A Lauda Airlines Boeing takes off for a flight across the opium poppies of the Golden Triangle in Burma. It reaches cruising level after a few minutes and plunges towards the earth at almost the speed of sound, breaking apart in the process. Everyone aboard dies and looters appear out of the jungle and cart off evidence.
This episode is mostly devoted to technology and its failures. We barely get to know the pilots and we learn nothing of the passengers. We see and hear more of Niki Lauda, owner of the four airplanes that constitute his airline, because he was a famous racing car winner in the 1970s.
The technology isn't too hard to follow, although it's more complicated than usual. A lot of problems came together at the wrong moment as usual, but basically, the problem was that a thrust reverser on one of the two engines deployed in mid-flight and made control impossible. It did so without warning.
Well, the thrust reverser is not supposed to do that. They're used during landings to slow the plane down once it's on the runway, like a pair of additional brakes. Furthermore, Boeing had already tested the accidental deployment of thrust reverser in flight, found that the affected wing lost on 10 percent of its lift, that the airplane was still controllable and could land safely.
What makes it interesting is the difference between Boeing's test flight and the reality of the Lauda disaster. Boeing tested its airplane at its normal speed at an altitude of 10,000 feet, where the dense air provided plenty of life. The crew were aware of what they were doing, so the failure was fully anticipated. They determined, correctly, that the accidental deployment of one thrust reverser was a spot of bother. The result was a manual listing some half dozen rather complex tasks to be done in the cockpit to retire the affected engine and regain control.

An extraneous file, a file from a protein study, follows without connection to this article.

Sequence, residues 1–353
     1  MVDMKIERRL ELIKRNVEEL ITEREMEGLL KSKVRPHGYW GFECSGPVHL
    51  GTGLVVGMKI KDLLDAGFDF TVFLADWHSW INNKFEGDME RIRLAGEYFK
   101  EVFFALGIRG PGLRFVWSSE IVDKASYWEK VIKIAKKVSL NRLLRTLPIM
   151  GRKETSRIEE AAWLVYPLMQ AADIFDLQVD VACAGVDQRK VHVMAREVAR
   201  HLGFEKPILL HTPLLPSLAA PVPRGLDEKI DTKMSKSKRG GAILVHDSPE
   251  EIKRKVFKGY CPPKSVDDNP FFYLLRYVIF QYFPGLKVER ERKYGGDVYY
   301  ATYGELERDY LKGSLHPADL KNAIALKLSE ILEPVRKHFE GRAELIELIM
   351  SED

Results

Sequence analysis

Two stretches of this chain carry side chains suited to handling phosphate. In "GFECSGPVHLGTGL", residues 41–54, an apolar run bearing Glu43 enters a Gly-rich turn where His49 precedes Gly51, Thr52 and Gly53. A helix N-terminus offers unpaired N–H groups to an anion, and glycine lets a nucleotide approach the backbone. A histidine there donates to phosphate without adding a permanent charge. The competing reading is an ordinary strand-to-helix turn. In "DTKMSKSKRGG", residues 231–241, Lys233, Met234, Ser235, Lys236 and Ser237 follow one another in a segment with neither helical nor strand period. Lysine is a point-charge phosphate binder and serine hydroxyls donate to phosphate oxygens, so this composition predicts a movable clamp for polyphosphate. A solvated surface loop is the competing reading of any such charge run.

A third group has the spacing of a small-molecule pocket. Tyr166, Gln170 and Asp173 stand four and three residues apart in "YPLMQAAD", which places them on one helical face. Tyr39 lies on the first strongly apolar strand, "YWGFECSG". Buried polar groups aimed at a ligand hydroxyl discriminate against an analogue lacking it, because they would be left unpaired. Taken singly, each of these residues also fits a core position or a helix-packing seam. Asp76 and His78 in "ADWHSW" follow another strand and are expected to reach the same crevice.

But reality, as is so often the case, makes its own unexpected demands. The Lauda Boeing was not at 10,000 feet. It was at about 27,000 feet and its airspeed was much higher. That meant a greater loss of lift in the affected wing -- not 10% but 25%. The airplane spun out of control almost at once.
Unlike the test crew in Seattle, the deployment of the reverser was immediate and unexpected. The crew had to figure out what was wrong before they could check the list in the manual, and simply performing the tasks recommended in the manual took six seconds, and eternity of time to the crew of a suddenly uncontrollable airplane travelling hundreds of miles an hour.
I find these distinctions between the ideal and the real fascinating. They remind me of an incident when President Reagan appointed Jim Webb to Secretary of the Navy (or some other high echelon job). Webb was a young man who had flown ground attack missions in Vietnam. A defense industry representative invited Webb to watch the use of a particular smart bomb. Webb watched as the airplane came in low and slow over the target and released its ordinance, which hit and destroyed the target exactly as it should have "That's bullshit," said Jim Webb. No pilot would make an attack at that speed and altitude while under enemy fire.
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